* 1985 is a bit early for Family Video in Indiana, though not impossible. They didn’t proliferate here in Indianapolis until at least the late ’90s, when (or possibly after) Blockbuster was on its last legs. Their closest location to our house just shut down a few months ago and is being replaced by a Dollar General, but we have another one a few miles down the road, still going strong and now proudly pushing CBD oil in addition to physical-media entertainment. I guess sometimes it pays to double-major.
* I couldn’t tell you what metal was used to make DC Comics’ New-52 version of Cyborg, but as of 1985 his father had proudly made his robot parts from molybdenum, not promethium as Robin declares. I say this not as a guy thumping his chest while bellowing, “HAW HAW, ROBIN IS A FAKE GEEK GIRL!” but as a former kid who had a keen interest in comics and in the periodic table. When Marv Wolfman and George Perez name-checked molybdenum way back in New Teen Titans, that caught my full attention and lodged itself firmly in my long-term memory. I can’t help it if, as of this writing, the word “molybdenum” appears in Cyborg’s Wikipedia entry exactly zero times. (I mean, sure, I could help it and go insert it myself. Maybe some other night.) I tweeted supporting documentation from an actual 1985 DC comic, but nobody cared. Story of my life.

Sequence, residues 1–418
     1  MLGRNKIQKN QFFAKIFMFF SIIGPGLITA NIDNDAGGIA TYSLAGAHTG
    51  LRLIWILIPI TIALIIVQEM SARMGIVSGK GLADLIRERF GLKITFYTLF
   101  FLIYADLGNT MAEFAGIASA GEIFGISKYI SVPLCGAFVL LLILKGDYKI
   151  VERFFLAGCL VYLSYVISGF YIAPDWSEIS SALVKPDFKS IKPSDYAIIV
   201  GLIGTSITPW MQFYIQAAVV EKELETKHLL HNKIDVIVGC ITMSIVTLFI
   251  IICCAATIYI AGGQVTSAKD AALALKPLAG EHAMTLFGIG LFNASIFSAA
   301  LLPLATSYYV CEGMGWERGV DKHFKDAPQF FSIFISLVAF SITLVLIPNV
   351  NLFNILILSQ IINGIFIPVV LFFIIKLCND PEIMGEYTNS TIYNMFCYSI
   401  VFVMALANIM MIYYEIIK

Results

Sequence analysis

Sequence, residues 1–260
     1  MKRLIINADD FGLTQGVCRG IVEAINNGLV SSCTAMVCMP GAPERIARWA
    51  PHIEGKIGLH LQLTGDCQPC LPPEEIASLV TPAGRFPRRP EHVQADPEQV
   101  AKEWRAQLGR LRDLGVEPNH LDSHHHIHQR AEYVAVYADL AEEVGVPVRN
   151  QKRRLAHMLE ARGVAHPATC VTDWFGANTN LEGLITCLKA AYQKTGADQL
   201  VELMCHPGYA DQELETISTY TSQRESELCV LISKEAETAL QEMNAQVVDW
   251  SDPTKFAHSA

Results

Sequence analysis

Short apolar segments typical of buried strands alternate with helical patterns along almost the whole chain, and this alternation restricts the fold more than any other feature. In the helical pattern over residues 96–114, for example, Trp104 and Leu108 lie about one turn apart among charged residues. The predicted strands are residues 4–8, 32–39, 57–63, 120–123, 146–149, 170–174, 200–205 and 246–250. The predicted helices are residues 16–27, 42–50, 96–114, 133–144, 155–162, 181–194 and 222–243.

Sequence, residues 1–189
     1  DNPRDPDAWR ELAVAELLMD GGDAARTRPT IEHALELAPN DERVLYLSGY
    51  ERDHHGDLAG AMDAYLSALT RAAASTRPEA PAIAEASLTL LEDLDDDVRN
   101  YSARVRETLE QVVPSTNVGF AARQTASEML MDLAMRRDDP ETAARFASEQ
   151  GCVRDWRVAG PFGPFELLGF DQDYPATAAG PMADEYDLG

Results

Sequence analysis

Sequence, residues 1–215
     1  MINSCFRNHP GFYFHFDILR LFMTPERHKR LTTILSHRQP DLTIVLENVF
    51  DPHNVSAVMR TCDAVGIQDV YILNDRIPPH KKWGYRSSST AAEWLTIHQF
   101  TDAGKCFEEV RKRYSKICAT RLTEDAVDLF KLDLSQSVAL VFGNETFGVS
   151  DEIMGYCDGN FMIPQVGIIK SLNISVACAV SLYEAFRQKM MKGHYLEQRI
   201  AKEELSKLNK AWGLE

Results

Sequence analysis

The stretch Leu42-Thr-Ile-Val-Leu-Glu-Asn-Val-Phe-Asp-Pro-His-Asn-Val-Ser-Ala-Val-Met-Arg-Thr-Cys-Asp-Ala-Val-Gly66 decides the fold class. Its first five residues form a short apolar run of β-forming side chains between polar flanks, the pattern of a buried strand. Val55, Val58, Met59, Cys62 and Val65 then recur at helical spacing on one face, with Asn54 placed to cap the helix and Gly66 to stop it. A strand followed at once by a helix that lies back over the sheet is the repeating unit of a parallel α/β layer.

* I didn’t recognize Beth Riesgraf from Leverage as Billy’s dead mom. She looked…different.